The victim’s estate sued the landowners, alleging they had a duty to warn the child about the dangerous conditions in the cove.  The trial court granted summary judgment in favor of the defendants, finding they did not have a duty to warn about conditions on property they did not own.  The estate appealed.

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car accident

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A defendant in a Washington personal injury case may try to limit damages by alleging the plaintiff failed to mitigate damages.  A defendant seeking a failure to mitigate jury instruction must show that the plaintiff acted unreasonably in deciding on treatment when there were alternative options.  The defendant must show through expert testimony that the alternative treatment would more likely than not improve the plaintiff’s condition.  A defendant recently challenged a court’s decision not to instruct the jury on failure to mitigate in an automobile collision case.

According to the appeal court’s opinion, the defendant rear-ended the plaintiff’s vehicle.  The plaintiff went to a chiropractor who found she had a ligament injury as a result of the accident.  The chiropractor also found the injury was permanent.

The plaintiff filed suit and the defendant admitted liability, leaving only damages at issue for trial.  According to the opinion, the plaintiff worked as a licensed practical nurse.  She testified she had talked with her colleagues about her treatment options.  She did not want to take medications that would interfere with her work, or to have surgery or injections.  She testified the chiropractic treatments helped manage her pain.  She also testified that immobilization was no longer recommended and that no one she talked to recommended it to her.

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car accident

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An employer may be held vicariously liable for the negligence of its employees in a Washington automobile accident case when the employees are acting within the scope of their employment.  An employee is acting within the scope of employment when engaged in the performance of duties required or directed by the employer or engaged in the furtherance of the employer’s interest.  An employee is not acting within the scope of employment when engaged in conduct involving a personal objective that is not related to the employer’s business.  The issue of vicarious liability was recently before a Washington appeals court.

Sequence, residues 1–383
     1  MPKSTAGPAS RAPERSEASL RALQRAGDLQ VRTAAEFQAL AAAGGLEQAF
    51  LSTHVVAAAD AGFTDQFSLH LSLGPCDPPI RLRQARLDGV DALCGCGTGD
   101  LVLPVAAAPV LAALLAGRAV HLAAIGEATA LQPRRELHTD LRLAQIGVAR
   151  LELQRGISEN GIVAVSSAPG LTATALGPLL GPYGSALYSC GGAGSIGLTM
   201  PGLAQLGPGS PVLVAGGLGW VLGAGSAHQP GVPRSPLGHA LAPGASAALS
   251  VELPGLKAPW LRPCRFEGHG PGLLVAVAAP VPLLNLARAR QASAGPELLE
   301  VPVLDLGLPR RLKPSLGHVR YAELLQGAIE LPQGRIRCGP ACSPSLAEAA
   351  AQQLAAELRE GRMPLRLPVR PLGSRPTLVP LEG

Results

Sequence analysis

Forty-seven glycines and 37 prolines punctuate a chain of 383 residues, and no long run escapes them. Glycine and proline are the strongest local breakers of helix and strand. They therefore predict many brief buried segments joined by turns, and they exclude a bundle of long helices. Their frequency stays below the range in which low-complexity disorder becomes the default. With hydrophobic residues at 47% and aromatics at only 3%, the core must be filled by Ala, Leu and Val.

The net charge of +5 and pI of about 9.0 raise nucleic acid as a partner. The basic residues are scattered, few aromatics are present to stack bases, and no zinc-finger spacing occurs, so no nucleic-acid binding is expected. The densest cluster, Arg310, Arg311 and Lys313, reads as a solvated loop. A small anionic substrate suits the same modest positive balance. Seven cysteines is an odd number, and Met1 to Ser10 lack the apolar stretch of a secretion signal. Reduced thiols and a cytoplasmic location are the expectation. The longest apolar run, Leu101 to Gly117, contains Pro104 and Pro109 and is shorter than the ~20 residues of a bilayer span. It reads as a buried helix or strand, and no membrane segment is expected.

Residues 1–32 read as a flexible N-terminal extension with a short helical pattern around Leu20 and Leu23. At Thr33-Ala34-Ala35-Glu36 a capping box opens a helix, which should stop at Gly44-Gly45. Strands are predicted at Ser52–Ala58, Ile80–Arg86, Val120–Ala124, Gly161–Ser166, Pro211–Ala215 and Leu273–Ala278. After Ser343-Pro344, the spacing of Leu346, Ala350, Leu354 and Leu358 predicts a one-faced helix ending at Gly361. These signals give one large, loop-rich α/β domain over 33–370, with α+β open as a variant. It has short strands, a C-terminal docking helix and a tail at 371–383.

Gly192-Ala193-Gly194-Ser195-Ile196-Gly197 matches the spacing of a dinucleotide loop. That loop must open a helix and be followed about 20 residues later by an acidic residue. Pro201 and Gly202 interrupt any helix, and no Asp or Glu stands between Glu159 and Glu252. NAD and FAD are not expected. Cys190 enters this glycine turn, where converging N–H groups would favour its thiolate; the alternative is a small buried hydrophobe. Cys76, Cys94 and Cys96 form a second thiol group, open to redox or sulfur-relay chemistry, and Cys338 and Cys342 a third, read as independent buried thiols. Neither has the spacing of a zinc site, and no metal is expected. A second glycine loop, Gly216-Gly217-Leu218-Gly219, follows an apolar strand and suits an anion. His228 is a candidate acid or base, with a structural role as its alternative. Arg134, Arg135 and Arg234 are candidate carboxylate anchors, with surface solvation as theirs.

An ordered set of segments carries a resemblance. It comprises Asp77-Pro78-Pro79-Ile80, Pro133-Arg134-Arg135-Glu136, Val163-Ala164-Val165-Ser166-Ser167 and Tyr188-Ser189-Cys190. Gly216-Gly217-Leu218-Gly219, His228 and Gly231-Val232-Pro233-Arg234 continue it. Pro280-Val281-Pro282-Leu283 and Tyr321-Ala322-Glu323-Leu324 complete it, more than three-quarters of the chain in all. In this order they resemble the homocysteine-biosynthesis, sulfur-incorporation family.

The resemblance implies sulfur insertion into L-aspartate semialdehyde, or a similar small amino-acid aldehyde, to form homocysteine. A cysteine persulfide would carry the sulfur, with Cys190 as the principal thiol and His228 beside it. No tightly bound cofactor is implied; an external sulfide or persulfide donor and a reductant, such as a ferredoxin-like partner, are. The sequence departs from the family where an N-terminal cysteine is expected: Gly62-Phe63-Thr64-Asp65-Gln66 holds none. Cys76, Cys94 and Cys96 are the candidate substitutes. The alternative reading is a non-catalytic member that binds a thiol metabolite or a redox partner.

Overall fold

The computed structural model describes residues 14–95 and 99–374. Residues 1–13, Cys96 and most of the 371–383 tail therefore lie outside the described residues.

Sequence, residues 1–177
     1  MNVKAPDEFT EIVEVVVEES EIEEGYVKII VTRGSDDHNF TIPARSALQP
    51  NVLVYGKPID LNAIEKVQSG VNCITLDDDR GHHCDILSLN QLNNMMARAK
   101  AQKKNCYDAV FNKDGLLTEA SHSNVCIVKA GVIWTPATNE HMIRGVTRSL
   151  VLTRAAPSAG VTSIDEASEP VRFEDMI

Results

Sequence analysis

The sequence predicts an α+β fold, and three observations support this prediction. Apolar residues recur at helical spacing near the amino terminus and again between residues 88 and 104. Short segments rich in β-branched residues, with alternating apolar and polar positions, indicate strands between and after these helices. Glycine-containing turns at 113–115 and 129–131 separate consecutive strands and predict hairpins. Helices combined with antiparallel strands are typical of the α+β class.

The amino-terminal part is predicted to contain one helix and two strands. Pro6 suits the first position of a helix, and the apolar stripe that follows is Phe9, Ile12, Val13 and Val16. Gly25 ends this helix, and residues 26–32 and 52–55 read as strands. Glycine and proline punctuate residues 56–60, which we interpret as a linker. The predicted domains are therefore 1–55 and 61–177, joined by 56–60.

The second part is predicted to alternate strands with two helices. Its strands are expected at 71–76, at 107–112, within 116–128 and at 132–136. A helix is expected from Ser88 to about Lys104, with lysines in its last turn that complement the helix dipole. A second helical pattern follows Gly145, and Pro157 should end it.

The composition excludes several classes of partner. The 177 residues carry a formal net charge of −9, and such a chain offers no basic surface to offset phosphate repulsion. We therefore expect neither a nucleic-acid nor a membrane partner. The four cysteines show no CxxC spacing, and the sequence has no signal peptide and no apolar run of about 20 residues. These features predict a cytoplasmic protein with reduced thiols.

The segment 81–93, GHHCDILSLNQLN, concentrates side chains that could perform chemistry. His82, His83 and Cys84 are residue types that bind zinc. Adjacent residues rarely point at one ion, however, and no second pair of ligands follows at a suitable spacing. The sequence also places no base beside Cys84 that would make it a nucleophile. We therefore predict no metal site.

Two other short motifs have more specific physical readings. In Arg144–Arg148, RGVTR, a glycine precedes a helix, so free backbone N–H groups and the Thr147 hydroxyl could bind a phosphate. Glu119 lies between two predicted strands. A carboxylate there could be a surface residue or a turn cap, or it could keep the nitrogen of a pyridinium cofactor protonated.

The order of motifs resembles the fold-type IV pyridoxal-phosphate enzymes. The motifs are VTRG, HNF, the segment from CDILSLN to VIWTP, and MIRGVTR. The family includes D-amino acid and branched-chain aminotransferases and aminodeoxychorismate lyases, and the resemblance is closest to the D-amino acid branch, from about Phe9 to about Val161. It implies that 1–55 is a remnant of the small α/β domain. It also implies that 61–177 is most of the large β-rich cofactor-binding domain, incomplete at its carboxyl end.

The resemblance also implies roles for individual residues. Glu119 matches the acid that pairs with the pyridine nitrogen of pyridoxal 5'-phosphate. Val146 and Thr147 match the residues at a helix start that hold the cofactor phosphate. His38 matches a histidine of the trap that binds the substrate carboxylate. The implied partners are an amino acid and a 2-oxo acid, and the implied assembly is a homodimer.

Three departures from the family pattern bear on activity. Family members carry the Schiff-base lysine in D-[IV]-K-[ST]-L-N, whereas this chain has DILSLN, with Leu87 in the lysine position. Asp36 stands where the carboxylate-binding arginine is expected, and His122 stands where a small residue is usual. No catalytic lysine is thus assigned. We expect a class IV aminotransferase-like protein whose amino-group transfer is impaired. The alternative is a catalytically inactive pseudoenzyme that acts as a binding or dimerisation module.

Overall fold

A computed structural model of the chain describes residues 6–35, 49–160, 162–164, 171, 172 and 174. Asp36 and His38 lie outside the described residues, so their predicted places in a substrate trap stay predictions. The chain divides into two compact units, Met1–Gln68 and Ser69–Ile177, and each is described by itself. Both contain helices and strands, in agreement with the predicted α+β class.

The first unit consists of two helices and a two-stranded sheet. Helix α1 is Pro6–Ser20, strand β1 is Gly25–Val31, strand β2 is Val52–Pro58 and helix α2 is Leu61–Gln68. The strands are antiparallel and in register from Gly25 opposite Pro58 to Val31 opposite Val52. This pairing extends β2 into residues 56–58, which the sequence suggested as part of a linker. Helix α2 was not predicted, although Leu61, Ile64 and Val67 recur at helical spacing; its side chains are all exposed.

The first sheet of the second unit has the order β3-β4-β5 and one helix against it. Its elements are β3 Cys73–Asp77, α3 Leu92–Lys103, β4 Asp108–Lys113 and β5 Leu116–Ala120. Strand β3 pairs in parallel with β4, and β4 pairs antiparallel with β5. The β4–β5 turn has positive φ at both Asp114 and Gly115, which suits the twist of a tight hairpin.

The defendant driver failed to stop in time to avoid rear-ending the plaintiff’s stopped vehicle.  The defendant driver works as a regional manager for the defendant employer.  He works from his home and frequently travels for his job.  The defendant employer provides him with a monthly vehicle allowance for the cost of his vehicle and insurance.  The defendant employer also reimburses 80% of his vehicle maintenance and operation expenses.  The defendant driver did not tell his employer about the accident.

The plaintiffs sued the defendant driver and he admitted liability for the accident.  The defendant employer was subsequently added to the lawsuit, and the plaintiffs ultimately added a vicarious liability claim against it. The defendant driver testified in his deposition that he was driving home after working at the time of the accident.

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When a person is killed due to someone else’s negligence, their loved ones may be able to pursue Washington wrongful death and survivorship claims.  Survivorship claims and wrongful death claims are similar, but not identical. A Washington appeals court recently considered whether a judgment in a survivorship claim precluded a wrongful death action.

The deceased sued several defendants after she was diagnosed with mesothelioma.  She settled with all but one of the defendants during trial, releasing all claims arising out of her personal injury claim and any future wrongful death claim.  The remaining claim was converted to a survivorship claim after she died during trial.  The jury returned a verdict in favor of the estate, but the court reduced it on a motion from the defendant.  The court also allocated 20% of the settlement proceeds to future wrongful death claims.  The court also reduced the judgment by 80% to offset the proceeds from the settling defendants.  Both parties appealed and the appeals court affirmed the verdict, but reversed the reduction.

The estate filed a wrongful death action against several defendants.  The trial court dismissed, finding the claims had been extinguished by the judgment in the survivorship case.  The estate appealed, arguing a wrongful death claim is a new and distinct cause of action.